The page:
service not running

service not responding

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Reviewing the status of existing SAs

10.133.12.200 10.133.12.201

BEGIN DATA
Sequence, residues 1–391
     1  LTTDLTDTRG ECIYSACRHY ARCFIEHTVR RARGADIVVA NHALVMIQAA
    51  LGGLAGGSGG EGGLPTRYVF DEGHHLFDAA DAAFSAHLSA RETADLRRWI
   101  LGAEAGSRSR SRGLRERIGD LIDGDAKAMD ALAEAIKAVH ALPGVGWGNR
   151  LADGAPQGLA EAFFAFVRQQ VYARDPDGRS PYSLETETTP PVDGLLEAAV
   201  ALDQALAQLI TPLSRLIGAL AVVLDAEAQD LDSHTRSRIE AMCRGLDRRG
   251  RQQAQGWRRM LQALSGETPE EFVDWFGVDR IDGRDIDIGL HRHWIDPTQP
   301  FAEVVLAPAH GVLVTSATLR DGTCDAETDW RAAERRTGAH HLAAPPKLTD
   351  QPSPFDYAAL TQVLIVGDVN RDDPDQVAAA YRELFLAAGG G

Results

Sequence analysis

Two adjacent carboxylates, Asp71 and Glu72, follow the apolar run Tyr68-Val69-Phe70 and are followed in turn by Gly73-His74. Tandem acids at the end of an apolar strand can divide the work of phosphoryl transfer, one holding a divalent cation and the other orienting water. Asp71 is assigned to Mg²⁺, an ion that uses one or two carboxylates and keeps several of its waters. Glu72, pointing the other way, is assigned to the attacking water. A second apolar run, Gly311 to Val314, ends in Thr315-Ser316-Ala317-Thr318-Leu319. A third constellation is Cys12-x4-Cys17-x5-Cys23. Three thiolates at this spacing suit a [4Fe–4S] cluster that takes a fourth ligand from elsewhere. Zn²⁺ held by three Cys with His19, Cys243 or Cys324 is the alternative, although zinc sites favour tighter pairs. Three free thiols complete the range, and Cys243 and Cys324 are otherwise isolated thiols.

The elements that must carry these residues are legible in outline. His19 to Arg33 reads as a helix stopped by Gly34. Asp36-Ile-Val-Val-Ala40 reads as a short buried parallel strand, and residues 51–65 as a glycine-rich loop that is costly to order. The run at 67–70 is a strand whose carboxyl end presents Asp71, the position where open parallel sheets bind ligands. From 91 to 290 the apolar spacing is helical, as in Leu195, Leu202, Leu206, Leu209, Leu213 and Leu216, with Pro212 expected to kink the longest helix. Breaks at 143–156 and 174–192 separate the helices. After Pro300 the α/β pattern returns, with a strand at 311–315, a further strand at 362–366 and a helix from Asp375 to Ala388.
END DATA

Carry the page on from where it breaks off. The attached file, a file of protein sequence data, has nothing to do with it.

Figure 9-5. The Status panel The Status panel in the PGPnet window lists active PGPnet SAs (see Figure 9-5 on page 133). An SA may be terminated when it reaches a certain byte limit (for example, 4 MBs of data has been transmitted over the SA), or after a specific amount of time. The length of an SA is negotiated when it is initiated. When PGPnet negotiates the SA, it sets an expiration value and automatically creates a new SA when the SA reaches that value and expires. The SA expiration value is user-configurable; for more information, see Setting automatic key renewal values on page 187. If your machine initiated an SA and the SA is about to expire, PGPnet automatically initiates the negotiation of a new SA to replace the expiring SA. As a result, there may be times when the Status panel displays two SAs for the same machine. When you establish an SA with another host, PGPnet uses the most restrictive expiration values set by either of the two hosts. As a result, you may see an SA expire before your maximum expiration value is met because the other host has more restrictive expiration values set. Use the Save feature to save a list of active SAs to a tab-delimited text file. Use the Remove feature to remove an SA. Remove an SA when you think that it has been compromised, if you know that the target host is down, or for any reason that you think the connection should be terminated. Note that if PGPnet is turned off, this button is disabled.